This is Thompson-Robinson’s 3rd year as a starting quarterback, and he hasn’t shown the kind of development you really want to see in a quarterback. This was the type of mistake you expect a freshman QB to make, not a 3-year starter.
Thompson-Robinson had very slippery hands last year, and you’d imagine it would be a point of focus to hang onto the bell better, but he still has fumbling issues:
This also looks like a mistake due to indecisiveness. The safety is showing a blitz off the edge, so you have to either hand the ball off or pull it and run it yourself. This type of zone-read is fundamental to Chip Kelly offenses, and why he likes having a mobile quarterback. Thompson-Robinson probably should have handed the ball off, but he has the athleticism to have turned it into a positive play even when he makes the “wrong” decision. Instead, he put the ball on the ground, and there’s no recovering from that.
Thompson-Robinson also has mechanical issues with his throws which negatively affect his accuracy. Sometimes he throws off his back foot, sometimes he doesn’t set his feet, doesn’t step into his throw, etc. Again, not something that should be happening to a third year starter.
This throw should have been an interception, but both defensive backs misplay the ball. WR Chase Cota runs a nice route and actually gets open to the outside. A well-placed ball to the outside of the wide receiver and this goes for a touchdown. The corner has inside leverage on Cota, but pressure rushes Thompson-Robinson’s throw, which is then underthrown to the inside (where the corner also has help from the safety over the top). This was a terrible decision to try to make this throw.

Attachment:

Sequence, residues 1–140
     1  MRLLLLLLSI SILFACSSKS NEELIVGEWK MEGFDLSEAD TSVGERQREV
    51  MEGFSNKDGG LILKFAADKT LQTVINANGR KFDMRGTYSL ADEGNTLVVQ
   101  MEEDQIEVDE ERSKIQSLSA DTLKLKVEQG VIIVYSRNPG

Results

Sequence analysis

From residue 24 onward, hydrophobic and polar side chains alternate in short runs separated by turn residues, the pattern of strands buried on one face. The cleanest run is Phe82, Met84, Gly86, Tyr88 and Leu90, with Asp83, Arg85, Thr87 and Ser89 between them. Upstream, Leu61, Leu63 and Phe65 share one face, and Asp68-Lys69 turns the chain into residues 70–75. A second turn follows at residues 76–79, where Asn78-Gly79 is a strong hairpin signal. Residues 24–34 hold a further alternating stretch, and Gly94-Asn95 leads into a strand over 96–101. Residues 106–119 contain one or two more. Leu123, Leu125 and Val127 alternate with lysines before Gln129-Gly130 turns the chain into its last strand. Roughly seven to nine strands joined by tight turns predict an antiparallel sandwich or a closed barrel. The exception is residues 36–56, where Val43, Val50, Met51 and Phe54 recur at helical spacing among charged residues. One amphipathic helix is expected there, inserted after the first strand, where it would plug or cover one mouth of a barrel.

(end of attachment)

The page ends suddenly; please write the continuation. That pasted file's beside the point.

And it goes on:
It seems that pressure is a factor in coercing Thompson-Robinson into making poor throws. Here’s Thompson-Robinson and Chase Cota again, but this time, Thompson-Robinson has fantastic protection:
Again, this probably wasn’t the correct read again (he had a receiver open on a crossing route for a first down), but with good protection, he makes an absolutely perfect throw just over the outstretched hands of the safety. Thompson-Robinson can be forgiven for this one here (as they were in the middle of a furious comeback from a huge deficit), but this sort of throw happens a lot, where he’s looking for the homerun throw even when it’s not there.